This story on this page was going to be different. It is not completed, and it won’t be. This is about Nikos Manginas, who was a journalist and a photographer at the Ecumenical Patriarchate of Constantinople. We lost Nikos on 10th April 2021.
Nikos was a generous, helpful person with a great sense of humour. I am grateful to him for his time and support. He always hosted me with a warm welcome and generously gave gifts, such as books that are relevant to my research. Although he told me a lot about himself, we did not manage to conclude our discussions about the Patriarchate, Fener and Beyoğlu, about himself and his family. Here I’ll write what I know, based on the time I spent with him.
Nikos was ‘a child of Beyoğlu’ as he put it. That’s where he began taking photographs. He was a graduate of the Zografyon Greek High School and studied in Athens afterwards.
When I first met him at the Patriarchate, I was wating for permission to film in a church. We started chatting. He listened to me talk about what I was doing and told me his story. He told me about his mother, Anastasia Nikolaidou Mangina, who was a teacher and a headmaster at the Greek orphanage in Büyükada; he showed me a picture of her. We agreed that he would tell me more details about his mother and family another time, and we planned to meet again.
He also briefly mentioned his grandfather, who died in the Gallipoli Campaign as an Ottoman soldier when Nikos’s mother was 3. His grandfather, Nikola Nikolaidis, was born in the historical Greek ‘Rum’ settlement in Trilye, in the Mudanya District of Bursa, a city in the north west of Turkey. He told me that his mother was proud of her father because of the sacrifice that he made for his country, although she only ever saw him in photographs. Nikos gave me a copy of a newspaper article in which he talked about his grandfather. He was disappointed that although his grandfather was a şehit [martyr], the contribution of ‘non-Muslims’ (a term he disliked because he felt it implied discrimination) in the wars went unrecognised. Nikos was given the name of his martyred grandfather’s.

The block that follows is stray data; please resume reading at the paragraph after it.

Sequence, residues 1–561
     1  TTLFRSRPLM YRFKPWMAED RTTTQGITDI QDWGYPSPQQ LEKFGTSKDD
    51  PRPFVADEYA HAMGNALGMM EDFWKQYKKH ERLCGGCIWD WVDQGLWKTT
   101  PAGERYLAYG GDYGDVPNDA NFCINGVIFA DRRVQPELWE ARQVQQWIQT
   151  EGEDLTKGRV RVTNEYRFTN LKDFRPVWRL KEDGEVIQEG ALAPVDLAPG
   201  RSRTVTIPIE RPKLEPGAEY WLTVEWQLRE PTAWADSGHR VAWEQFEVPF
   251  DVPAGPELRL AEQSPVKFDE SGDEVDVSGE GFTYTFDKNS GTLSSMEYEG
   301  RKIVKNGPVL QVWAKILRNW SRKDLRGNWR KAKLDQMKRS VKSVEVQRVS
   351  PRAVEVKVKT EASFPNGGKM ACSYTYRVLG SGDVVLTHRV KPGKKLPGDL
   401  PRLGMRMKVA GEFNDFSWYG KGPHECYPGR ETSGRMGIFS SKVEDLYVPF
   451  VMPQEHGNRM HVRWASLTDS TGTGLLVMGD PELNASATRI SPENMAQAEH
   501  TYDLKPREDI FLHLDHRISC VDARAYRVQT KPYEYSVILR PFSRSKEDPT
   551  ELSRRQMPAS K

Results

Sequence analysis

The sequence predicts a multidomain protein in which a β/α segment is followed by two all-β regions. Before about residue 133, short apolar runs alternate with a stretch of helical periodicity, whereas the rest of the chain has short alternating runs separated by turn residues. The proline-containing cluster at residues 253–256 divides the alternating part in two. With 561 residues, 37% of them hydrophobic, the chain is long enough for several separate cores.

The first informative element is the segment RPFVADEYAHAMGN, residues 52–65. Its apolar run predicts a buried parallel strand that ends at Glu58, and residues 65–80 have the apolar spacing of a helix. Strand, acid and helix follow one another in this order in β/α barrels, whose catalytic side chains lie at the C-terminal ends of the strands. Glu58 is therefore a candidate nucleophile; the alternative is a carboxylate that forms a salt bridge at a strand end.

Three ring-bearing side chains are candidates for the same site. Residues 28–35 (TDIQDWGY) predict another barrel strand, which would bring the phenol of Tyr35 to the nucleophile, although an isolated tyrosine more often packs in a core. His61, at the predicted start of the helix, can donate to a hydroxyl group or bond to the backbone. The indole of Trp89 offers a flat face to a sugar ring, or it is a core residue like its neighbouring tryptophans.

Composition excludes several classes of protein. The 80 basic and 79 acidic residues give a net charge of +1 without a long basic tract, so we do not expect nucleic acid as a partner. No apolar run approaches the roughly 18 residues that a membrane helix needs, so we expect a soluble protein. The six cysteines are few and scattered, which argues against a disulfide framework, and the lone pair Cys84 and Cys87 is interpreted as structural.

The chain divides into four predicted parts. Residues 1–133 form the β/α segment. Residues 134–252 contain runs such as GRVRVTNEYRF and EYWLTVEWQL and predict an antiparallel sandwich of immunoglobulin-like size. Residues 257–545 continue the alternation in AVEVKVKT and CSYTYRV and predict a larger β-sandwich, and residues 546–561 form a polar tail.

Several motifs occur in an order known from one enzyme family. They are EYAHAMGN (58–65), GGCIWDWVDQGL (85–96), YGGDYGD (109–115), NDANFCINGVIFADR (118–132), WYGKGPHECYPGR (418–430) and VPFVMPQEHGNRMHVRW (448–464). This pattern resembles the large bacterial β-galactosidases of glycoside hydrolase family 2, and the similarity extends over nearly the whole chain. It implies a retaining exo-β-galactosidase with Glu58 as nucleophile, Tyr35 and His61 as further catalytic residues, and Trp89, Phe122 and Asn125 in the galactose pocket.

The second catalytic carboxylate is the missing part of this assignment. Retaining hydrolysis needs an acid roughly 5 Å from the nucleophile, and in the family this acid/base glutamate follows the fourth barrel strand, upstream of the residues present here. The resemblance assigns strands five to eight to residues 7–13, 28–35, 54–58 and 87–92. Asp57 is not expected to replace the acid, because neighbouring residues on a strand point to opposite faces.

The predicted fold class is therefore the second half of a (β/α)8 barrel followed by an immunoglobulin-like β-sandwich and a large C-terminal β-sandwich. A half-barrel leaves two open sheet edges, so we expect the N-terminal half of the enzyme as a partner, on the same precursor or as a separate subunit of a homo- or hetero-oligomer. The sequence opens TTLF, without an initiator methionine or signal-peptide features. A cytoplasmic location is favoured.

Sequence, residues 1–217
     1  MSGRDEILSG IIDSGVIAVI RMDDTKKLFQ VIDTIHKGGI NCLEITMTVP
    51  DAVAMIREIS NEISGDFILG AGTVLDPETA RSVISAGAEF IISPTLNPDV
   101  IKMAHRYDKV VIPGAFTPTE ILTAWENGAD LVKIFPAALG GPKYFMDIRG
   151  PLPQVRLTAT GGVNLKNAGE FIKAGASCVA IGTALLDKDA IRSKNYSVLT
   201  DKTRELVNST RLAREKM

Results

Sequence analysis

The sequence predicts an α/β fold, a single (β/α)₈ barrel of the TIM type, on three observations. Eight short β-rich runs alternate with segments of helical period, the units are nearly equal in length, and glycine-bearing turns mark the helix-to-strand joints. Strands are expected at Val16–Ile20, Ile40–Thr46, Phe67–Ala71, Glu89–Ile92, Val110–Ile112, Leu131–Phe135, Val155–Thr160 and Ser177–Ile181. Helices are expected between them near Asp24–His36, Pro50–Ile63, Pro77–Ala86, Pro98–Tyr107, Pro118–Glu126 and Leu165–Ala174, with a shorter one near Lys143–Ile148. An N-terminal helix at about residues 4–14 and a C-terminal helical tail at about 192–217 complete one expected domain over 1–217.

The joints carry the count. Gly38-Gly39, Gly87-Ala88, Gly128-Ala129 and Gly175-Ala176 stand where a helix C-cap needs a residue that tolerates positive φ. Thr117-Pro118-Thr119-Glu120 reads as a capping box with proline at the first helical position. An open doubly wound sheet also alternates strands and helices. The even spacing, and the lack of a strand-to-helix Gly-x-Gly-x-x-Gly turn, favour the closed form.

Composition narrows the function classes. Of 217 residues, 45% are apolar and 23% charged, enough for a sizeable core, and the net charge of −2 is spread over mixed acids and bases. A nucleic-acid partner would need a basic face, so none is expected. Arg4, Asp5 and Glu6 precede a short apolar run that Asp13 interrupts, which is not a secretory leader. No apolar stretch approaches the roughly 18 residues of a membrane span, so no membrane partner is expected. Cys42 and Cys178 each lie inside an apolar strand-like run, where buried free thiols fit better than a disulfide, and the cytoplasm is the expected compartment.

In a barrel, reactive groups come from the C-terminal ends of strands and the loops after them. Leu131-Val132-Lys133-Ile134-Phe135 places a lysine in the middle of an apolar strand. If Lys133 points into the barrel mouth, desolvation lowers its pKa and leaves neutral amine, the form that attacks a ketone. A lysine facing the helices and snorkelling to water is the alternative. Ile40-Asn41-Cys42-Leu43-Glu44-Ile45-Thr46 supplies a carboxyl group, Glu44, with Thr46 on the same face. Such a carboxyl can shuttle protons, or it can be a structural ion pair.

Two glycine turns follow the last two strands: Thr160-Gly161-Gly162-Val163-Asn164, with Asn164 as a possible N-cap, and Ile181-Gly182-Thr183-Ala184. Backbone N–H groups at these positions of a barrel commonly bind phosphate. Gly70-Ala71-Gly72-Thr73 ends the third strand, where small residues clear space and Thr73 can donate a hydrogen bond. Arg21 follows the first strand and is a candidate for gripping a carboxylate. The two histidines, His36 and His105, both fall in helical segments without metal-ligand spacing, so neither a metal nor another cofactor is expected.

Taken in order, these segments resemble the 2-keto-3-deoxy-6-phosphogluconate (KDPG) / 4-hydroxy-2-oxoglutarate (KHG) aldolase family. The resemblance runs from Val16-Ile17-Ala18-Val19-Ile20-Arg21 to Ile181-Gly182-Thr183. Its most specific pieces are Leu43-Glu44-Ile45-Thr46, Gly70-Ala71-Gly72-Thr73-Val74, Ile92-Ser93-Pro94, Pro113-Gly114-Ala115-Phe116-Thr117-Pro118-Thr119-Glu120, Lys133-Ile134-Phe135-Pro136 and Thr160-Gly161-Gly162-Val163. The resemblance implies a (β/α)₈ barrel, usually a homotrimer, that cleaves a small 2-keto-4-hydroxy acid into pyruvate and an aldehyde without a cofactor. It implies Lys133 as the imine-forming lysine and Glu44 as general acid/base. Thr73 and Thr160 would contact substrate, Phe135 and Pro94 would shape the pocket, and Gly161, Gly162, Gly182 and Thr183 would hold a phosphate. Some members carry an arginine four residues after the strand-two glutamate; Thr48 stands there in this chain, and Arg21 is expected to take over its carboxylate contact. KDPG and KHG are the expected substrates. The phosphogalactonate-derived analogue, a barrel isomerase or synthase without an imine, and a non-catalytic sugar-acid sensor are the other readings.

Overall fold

He showed me that he had a vast archive of photographs of the Patriarch Bartholomew that he himself had taken. Nikos was very close to the Patriarch and had followed and took photographs of him since 1991, in his all national and international visits, in his services, and sometimes in his daily life. Once I was talking to Nikos at the Patriarchate and he wanted to go to the church immediately when he heard that the Patriarch was going to attend the evening prayer. This was just a normal routine prayer, and not otherwise a special occasion. The presence of the Patriarch was the main focus for him. We went to St George’s Church at the Patriarchate and he took many photographs of him.